Roosevelt County Sheriff Tom Gossett doesn’t shop for police cruisers at the dollar store.
But he recently stumbled across a deal from an agency that sells police vehicles for $1 in an effort to beef up Homeland Security nationwide.
Here’s the catch: The cars would be laced with advertisements from local, regional and national sponsors.
The Roosevelt County Commission on Tuesday discussed the possibility of leasing such vehicles from Government Acquisitions for $1 for three years.
On the surface, the deal seems “too good to be true,” Roosevelt County Attorney Randy Knudson said.
But given the mileage on the sheriff’s police cruisers — 11 over 70,000 and one over 230,000 miles according to Gossett — commissioners said it was worth looking into.
“If it doesn’t take away from the distinctiveness of a police vehicle I don’t really have a problem with it,” Commissioner Tom Clark said. “The professionalism is determined by the people in those vehicles. For the bargain we’re getting I think we could almost overcome anything else.”
The advertisements would be conservative. For example, no logos promoting beer or alcohol permitted.
Last year hundreds of government entities adopted the program, according to information provided to the county from Government Acquisitions.
The decals would be placed on the side, top, back and hood of the vehicles, Knudson said.
The ability to get vehicles for the sheriff’s department is contingent upon sponsor interest in the county, according to information from Government Acquisitions.
Also at the meeting:
l The commission voted to increase the budget for the Roosevelt County Detention Center by $225,000 to fund the remainder of the fiscal year.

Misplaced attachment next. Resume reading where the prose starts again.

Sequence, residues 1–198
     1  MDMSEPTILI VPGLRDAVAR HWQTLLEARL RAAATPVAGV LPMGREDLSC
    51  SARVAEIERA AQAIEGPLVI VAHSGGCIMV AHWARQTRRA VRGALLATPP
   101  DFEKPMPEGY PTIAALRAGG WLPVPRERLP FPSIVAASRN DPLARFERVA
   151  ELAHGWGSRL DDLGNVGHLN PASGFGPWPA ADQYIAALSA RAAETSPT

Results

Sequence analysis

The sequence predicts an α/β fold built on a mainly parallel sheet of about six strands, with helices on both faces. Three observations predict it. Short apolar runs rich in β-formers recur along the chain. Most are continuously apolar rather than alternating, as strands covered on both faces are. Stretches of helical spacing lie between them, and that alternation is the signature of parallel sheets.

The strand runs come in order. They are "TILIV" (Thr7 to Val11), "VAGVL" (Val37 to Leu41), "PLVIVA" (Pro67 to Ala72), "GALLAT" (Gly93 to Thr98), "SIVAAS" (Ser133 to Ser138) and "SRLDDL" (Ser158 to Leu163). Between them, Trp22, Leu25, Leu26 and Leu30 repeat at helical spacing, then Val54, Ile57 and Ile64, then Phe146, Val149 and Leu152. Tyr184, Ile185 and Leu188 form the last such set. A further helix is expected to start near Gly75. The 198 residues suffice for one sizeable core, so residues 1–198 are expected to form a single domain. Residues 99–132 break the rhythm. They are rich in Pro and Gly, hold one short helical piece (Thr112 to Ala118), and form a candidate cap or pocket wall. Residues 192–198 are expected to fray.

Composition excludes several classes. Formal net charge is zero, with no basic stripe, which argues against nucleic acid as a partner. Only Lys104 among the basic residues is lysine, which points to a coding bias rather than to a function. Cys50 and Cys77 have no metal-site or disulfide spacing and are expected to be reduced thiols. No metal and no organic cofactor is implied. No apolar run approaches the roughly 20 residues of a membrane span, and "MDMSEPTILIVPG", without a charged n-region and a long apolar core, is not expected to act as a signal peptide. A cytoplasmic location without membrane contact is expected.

RCDC Administrator Jesse Luera said the jail population has been increasing throughout the year and he has had to transport many inmates to the Dickens County, Texas detention center.
Currently there are about 90 inmates, Luera said. The RCDC has only 58 beds.
Commissioner Gene Creighton said a majority of the inmates are sent to the RCDC on violation of probation charges.
l Commissioners talked for more than 30 minutes about possibly changing a road department policy that funnels state funds through each of the county’s four districts.
The current system allows each district to get 20 percent of all money allocated for roads by the State Legislature. The remaining 20 percent is dropped in an emergency fund.
Commissioner Paul Grider said he lobbied for funds to fix a road in his District 4, located near the Northwest part of the county.
Grider said according to the current policy he would have to share that money with other districts, even if the money was specifically earmarked for a road in his district.
Commissioners made no decisions on the current policy, but said they hope to revisit the item in the future.